First, Publishers: why do you force such strict DRM on library eBooks? If I wanted to steal your book (which I don't), I certainly wouldn't be going to the library to do so. I'm going there because it's a simple, legal, and locally supportive thing to do. So don't put restrictive DRM on the item you claim you want me to read that prevents me from putting it on whatever device I want.
In the same way, Amazon: don't be so restrictive on the types of eBooks I can put on my Kindle. It's fully capable of handling ePub books, and the more you get me using the device by allowing it to read anything the more likely I am to buy future books from Amazon.
Amazon: don't require that I have to go ...
I picked up The Amulet of Samarkand last year, the first book in the Bartimaeus trilogy, on a total whim. No one recommended it, and I knew nothing about the book or its author. I simply needed a new audio book and the description looked interesting enough. Grabbing a book like this can be risky, but when it pays off, it’s great. Reading an excellent book with no preconceived notions is one of my things as a reader.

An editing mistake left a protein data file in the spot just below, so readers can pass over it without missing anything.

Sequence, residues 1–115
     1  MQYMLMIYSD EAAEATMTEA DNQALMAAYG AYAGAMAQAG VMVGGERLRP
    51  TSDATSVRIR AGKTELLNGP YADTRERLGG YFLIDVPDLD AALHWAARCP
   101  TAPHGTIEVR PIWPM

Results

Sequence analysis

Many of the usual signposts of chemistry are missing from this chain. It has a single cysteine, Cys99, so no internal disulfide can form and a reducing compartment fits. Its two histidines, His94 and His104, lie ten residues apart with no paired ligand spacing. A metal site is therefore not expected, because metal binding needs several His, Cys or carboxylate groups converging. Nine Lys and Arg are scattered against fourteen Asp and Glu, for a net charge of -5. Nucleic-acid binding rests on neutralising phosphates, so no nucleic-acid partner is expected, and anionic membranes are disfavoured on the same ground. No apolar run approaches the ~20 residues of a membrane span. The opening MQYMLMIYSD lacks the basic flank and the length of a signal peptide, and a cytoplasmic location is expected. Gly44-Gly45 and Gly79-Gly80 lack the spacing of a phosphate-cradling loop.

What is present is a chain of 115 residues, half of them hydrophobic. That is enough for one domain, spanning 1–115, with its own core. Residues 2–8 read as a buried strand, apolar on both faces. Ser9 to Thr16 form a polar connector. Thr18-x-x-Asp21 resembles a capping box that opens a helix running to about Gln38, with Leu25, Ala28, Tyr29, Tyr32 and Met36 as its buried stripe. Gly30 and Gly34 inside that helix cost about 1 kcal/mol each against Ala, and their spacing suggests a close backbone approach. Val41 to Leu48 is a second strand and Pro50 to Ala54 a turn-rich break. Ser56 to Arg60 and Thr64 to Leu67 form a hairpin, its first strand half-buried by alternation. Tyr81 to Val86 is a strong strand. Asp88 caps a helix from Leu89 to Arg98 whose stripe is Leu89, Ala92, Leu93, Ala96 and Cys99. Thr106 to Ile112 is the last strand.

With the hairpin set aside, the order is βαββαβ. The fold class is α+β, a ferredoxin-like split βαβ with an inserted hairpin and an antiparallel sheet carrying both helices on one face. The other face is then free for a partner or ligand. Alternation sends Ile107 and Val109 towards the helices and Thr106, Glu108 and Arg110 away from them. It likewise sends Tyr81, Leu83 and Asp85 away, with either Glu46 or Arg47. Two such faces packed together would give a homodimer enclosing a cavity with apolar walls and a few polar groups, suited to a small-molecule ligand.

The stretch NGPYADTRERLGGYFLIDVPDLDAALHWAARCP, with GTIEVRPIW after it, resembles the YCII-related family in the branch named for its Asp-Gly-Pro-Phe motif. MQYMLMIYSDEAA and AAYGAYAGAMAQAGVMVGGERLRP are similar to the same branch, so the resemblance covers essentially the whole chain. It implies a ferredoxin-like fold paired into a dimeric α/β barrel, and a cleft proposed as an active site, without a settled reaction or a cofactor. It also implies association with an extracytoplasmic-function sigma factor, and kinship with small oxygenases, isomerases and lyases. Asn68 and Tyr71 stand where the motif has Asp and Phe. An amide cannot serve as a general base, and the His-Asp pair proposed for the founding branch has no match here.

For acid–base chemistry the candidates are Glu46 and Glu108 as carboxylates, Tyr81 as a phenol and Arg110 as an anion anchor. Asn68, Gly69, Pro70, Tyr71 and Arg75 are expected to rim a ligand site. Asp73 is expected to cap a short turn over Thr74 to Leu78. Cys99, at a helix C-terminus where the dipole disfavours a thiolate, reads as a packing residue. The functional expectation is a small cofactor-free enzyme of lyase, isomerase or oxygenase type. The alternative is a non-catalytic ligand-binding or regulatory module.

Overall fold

The premise: Nathaniel is an up and coming wizard in London. The twist in this magical world, however, is magicians get their power from enslaving demons from “the other place”. Bartimaeus is one such demon, or a djinni to be more specific, who Nathaniel summons early on in his magical career. This makes for an interesting story in and of itself, but what makes the Bartimaeus trilogy so great is Bartimaeus himself.
The books transition between being told from third-person omniscient for “Nathaniel” chapters and first-person for “Bartimaeus” chapters. Of course, if you ask Bartimaeus he might tell you that his sections are from an omniscient perspective as well, such is his charming over-confidence. He’s sarcastic, ironic, and just unreliable ...
by Feb. 6, 2012 in Books
I received a Kindle Touch for Christmas and over the last month I’ve read four books on it. I absolutely love reading on the Kindle and would actually prefer to read every book on the device if I had the choice. There are several reasons why: